However, the future of the wooden huts where the Engima codes were cracked is still in doubt. They have been described in the summer as looking “like a garden shed that’s been left for 60 years”.The Independent, which ran a campaign to save them, adds:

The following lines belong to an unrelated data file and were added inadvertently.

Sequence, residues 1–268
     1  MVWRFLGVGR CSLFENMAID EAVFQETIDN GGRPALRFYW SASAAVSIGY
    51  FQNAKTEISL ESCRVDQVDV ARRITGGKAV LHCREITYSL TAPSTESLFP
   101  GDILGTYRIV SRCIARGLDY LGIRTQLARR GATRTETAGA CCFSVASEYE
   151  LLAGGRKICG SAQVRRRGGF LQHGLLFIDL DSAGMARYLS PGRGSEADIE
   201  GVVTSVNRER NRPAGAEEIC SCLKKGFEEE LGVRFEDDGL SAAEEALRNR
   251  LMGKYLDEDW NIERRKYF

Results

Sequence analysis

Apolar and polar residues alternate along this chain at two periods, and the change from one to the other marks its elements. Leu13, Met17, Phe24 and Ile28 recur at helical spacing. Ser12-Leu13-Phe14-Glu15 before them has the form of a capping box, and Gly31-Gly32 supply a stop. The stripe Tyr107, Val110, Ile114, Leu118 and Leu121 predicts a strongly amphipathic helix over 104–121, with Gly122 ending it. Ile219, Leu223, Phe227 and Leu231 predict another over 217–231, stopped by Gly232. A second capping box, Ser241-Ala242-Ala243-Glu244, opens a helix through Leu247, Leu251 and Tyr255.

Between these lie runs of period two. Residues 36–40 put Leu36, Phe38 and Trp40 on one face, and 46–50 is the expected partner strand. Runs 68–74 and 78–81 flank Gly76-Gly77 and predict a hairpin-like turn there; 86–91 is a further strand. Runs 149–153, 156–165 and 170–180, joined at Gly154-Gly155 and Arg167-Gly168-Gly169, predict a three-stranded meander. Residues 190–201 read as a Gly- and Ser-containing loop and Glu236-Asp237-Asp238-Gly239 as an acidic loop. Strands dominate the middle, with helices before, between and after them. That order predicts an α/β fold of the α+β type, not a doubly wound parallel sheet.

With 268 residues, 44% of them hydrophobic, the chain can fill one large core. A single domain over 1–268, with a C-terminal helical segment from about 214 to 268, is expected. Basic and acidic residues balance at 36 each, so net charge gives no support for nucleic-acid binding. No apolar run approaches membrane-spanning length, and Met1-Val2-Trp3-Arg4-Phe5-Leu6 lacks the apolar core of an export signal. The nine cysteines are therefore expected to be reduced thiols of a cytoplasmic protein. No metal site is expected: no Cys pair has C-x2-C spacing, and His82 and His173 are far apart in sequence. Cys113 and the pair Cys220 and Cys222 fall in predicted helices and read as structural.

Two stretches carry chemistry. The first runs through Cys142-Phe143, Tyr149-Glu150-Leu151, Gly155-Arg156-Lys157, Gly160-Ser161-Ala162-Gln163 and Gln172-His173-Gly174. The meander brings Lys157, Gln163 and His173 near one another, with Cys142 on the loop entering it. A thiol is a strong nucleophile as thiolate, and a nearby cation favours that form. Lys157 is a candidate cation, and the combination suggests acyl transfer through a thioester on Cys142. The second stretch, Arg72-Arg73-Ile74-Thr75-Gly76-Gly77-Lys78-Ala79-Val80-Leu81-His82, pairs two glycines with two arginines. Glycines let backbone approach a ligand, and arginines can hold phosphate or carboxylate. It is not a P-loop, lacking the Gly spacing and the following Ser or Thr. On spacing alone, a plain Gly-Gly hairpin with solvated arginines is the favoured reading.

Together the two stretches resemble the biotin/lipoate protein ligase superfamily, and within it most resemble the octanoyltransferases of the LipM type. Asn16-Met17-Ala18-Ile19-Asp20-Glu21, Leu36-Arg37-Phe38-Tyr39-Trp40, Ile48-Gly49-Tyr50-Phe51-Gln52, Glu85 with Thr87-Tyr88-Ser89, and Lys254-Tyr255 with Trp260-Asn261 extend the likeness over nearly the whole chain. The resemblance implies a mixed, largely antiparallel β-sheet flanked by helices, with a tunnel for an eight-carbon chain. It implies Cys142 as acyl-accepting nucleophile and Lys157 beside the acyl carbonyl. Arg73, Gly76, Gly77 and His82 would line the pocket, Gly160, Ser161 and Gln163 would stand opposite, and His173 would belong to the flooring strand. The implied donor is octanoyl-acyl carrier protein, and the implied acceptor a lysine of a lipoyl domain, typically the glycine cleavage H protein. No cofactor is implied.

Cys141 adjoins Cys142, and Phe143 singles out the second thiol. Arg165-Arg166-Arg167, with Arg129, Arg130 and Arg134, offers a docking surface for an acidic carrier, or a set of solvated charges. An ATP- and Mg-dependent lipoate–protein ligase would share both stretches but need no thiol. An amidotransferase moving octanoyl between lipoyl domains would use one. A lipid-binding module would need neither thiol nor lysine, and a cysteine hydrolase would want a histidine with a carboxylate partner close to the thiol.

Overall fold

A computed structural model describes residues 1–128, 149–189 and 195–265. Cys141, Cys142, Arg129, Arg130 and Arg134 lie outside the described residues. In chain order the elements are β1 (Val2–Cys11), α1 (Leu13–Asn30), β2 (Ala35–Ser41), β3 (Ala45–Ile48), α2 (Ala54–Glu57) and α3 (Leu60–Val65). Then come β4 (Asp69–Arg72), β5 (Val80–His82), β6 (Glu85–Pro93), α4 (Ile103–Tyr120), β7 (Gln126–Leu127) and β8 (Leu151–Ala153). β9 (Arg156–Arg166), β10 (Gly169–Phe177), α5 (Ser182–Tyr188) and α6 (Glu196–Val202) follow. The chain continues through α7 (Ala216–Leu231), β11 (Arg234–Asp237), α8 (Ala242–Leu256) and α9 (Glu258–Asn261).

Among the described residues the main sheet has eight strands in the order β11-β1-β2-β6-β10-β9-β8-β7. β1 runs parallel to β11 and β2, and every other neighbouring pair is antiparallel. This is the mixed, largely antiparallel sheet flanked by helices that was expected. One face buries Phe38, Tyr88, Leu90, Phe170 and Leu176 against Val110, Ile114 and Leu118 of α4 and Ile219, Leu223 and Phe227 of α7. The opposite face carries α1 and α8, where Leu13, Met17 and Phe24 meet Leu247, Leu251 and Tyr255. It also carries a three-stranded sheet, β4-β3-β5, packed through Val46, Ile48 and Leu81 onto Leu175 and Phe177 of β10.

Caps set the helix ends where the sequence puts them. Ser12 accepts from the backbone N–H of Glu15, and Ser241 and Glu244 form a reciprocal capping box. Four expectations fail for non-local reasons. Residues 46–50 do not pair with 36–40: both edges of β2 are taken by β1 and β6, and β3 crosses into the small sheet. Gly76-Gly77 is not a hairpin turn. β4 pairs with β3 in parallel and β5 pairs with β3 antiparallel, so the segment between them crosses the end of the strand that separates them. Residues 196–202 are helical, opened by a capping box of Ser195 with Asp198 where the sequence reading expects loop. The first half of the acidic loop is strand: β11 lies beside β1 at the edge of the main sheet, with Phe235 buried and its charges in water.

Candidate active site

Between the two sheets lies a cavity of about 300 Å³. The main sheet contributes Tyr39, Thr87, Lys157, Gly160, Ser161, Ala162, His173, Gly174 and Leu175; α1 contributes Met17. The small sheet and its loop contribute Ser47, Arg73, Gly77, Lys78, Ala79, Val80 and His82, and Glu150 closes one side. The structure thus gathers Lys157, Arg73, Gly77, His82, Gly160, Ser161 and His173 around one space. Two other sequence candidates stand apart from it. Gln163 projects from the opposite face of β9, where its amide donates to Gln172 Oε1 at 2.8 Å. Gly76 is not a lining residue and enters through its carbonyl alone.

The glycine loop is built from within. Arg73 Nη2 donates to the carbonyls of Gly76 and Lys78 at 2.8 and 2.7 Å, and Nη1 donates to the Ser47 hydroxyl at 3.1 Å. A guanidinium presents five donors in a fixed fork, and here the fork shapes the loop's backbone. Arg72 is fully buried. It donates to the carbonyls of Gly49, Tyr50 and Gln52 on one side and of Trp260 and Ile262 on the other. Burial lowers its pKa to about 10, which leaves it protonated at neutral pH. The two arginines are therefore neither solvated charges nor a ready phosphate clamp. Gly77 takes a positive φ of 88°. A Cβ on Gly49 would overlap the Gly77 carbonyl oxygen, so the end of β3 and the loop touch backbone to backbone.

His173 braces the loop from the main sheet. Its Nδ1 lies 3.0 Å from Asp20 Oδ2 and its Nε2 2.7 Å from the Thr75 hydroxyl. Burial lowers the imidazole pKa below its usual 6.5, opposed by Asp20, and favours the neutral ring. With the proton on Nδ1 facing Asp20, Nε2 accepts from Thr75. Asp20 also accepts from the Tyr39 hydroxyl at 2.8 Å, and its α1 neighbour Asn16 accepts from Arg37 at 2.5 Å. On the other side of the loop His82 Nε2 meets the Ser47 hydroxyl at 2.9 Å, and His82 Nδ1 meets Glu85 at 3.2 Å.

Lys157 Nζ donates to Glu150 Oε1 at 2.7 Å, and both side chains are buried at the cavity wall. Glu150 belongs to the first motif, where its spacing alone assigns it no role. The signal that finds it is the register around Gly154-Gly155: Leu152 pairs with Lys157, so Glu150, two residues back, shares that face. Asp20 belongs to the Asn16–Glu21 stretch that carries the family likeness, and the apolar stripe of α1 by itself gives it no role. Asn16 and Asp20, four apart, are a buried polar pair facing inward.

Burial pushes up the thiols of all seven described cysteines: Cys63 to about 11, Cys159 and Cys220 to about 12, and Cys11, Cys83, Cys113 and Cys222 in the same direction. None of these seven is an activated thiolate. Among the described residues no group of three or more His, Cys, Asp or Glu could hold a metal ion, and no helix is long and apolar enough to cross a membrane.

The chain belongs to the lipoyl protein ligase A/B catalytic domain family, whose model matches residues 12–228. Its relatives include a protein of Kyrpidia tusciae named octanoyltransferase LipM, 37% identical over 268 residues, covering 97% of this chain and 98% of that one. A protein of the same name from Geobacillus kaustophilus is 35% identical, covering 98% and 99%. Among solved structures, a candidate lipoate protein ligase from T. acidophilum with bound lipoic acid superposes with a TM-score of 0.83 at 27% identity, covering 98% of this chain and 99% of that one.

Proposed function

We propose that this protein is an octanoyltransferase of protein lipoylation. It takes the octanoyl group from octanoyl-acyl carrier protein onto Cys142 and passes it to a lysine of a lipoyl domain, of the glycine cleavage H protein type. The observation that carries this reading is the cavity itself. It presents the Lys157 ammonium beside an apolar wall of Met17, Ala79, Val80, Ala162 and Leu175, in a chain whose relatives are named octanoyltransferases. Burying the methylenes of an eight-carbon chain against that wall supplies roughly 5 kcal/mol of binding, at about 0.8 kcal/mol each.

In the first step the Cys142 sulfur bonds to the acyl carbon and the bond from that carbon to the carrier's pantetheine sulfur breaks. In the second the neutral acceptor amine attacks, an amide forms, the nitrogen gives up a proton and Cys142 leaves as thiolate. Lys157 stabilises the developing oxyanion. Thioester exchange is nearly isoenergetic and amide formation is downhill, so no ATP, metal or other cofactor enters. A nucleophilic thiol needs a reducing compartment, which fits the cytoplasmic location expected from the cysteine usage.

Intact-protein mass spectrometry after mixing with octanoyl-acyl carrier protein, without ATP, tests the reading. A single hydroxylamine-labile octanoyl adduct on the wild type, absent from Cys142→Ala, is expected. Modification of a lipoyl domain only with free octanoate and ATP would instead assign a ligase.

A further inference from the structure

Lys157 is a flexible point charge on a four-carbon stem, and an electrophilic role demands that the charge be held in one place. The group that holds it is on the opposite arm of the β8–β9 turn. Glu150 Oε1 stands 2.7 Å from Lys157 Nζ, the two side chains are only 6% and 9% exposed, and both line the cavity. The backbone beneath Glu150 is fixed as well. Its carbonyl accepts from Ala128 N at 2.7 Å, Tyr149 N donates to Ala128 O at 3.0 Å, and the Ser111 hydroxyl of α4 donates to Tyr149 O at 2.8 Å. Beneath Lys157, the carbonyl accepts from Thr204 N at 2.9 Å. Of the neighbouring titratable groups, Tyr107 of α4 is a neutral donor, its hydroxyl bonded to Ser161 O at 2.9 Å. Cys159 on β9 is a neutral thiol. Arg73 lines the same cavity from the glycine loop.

"Some huts have been preserved and are open to visitors, including the one which the mathematician Alan Turing used as an office. Others are in such a bad state that weeds and moss have taken over. But there was a hint yesterday that they may not be pulled down. Bletchley's director, Simon Greenish, described the English Heritage grant as "a very significant step forward." He added: "It is solving probably the most difficult problem of the lot – the mansion. To get that solved means other things will be a lot easier to deal with."Since it was in these huts that the actual codebreaking work took place, Shedworking hopes the funders will demand that they be saved - if they look to be in danger, we will start a campaign too. Photo of women working in hut 6 courtesy Bletchley Park Trust.